UK Deficit to Increase by £20bn
Sterling strengthened against both the US Dollar and the Euro, despite a report by the Institute for Fiscal Studies (IFS) which said that Chancellor Philip Hammond will face a £20bn black hole in the government’s budget by the 2021-2022 fiscal year. According to IFS, the reason for the extra deficit will be the low productivity growth. On Thursday, the Monetary Policy Committee (MPC) of the Bank of England (BoE) will meet to decide on interest rates.
In Europe, economic confidence in October hit a seventeen-year high. On Wednesday, Eurostat will publish data regarding the GDP, inflation and unemployment rate in the Euro-bloc. On the same day, in the US, the Fed’s board will also meet to decide on its benchmark interest rate.
Pound Sterling – UK Markets
Today, the Pound advanced against the US Dollar with the exchange rate set at $1.31. Sterling also strengthened against the Euro with the exchange rate set at €1.13. The major news for the Pound and the British economy in general, are expected to come from Thursday’s BoE meeting, during which the Monetary Policy Committee will decide if it will hike interest rates.
Data released from the Bank of England this morning showed that the number of approved mortgages for house purchases hit a three-month low in September, but came a bit above the analysts’ forecast. The report also said that net consumer lending rose by £1.6bn, slightly above market expectations. The BoE survey noted that credit card borrowing rose by 9.3%, on an annualised basis, over the last month, which is a strong indication that Britons increasingly use their cards to cover everyday needs.
The IFS published a report which stressed that the UK’s budget deficit is on track to be £36bn by the 2021-2022 fiscal year, double than it was forecast earlier in the year. Paul Johnson, head economist at IFS, said that “it is hard to see how the Chancellor can both maintain the credibility of his fiscal targets and respond effectively to the growing demands of spending.”
US Dollar – US Markets
The US Dollar fell against the Euro with the exchange rate set just under the €0.86 mark. The US Dollar Index (DXY), which measures the value of the Dollar against six major currencies, declined, coming in at 94.85.
The Wall Street Journal (WSJ) reported that Donald Trump is likely to select Fed Governor Jerome Powell as Janet Yellen’s successor in the leadership of the US Federal Reserve. However, the report was on the safe side, saying that the President could still change his mind, since he hasn’t made a formal decision yet. Yellen’s term is finishing in next February and she is also a nominee. It should be noted that the Senate is the one that gives the final approval to the President’s nominee.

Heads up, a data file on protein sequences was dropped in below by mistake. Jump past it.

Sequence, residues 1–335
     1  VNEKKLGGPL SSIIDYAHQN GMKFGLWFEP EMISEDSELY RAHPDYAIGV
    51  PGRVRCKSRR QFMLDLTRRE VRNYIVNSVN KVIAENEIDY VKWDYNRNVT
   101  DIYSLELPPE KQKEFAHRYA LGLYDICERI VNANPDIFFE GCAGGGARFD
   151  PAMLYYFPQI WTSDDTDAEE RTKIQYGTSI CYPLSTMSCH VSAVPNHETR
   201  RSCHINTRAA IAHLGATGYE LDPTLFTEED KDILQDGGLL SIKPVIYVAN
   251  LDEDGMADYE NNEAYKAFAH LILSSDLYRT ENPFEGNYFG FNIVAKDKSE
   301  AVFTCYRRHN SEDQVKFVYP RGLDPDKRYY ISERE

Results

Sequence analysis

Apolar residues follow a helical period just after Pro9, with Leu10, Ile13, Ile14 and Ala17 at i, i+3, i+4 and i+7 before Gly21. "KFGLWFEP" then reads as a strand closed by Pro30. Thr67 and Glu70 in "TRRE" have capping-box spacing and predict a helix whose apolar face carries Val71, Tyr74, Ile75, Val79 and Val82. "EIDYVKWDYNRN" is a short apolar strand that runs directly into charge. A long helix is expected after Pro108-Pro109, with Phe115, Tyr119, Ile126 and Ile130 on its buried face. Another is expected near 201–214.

Republicans are not expected to reveal the tax reform bill until Wednesday, but they are already under fire from various interest groups. One of those, the National Association of Home Builders (NAHB), which is a housing industry trade group, vowed to defeat it over a change regarding the use of home mortgage deductions. Republican senators said that the tax plan is entering a new phase as lobbyists put pressure on law makers to protect their tax breaks.
Euro – European Markets
The Euro strengthened against the US Dollar with the exchange rate set at $1.16. Tuesday is the week’s most important day as data regarding Eurozone’s GDP, inflation and unemployment rate will be published.
In the afternoon, the Statistisches Bundesamt Deutschland will release the German inflation data for October. Economists expect that inflation, on an annualised basis, will drop to 1.7% from 1.8% in September. German retail sales in September jumped by 4.1%, on a year-to-year basis, surpassing market’s expectations for an increase by 3.0%. On a monthly basis, September’s retail sales rose by 0.5%, a bit less than the 0.7% anticipated reading.
A survey by Eurostat showed that economic confidence in the Eurozone hit, in October, its highest level since 2001. Figures showed that the economic sentiment in the Euro-bloc has been higher than the UK economic sentiment for the last three months in a row, marking the first time in the last five years. The survey’s results confirm that the Eurozone countries are back on the path of growth.
Other Currencies – Highlights
Sterling inched higher against the Australian Dollar, trading at 1.71 AUD. According to data by the Australian Institute of Petroleum, the average price of unleaded petrol jumped by nine cents last week, which is the largest increase in the last thirteen years. Craig James, chief economist at Commsec, said that higher petrol prices are not good news for Australian households. “Filling up the car with petrol is the biggest purchase for most Aussie households. The lift in petrol prices is something to watch,” he said.
The Pound climbed against the New Zealand Dollar, trading at 1.91 NZD. The new Finance Minister, Grant Robertson, said in an interview that the new government will continue to welcome foreign investment, if it’s targeted towards the productive parts of the economy, and not the housing market. Robertson noted that the mandate of the Reserve Bank of New Zealand (BNZ) will remain the same until a new governor is appointed in March 2018.
Sterling advanced against the Swiss Franc, trading at 1.31 CHF. The KOF Leading Indicator in October came in at 109.1, surpassing analysts’ expectations.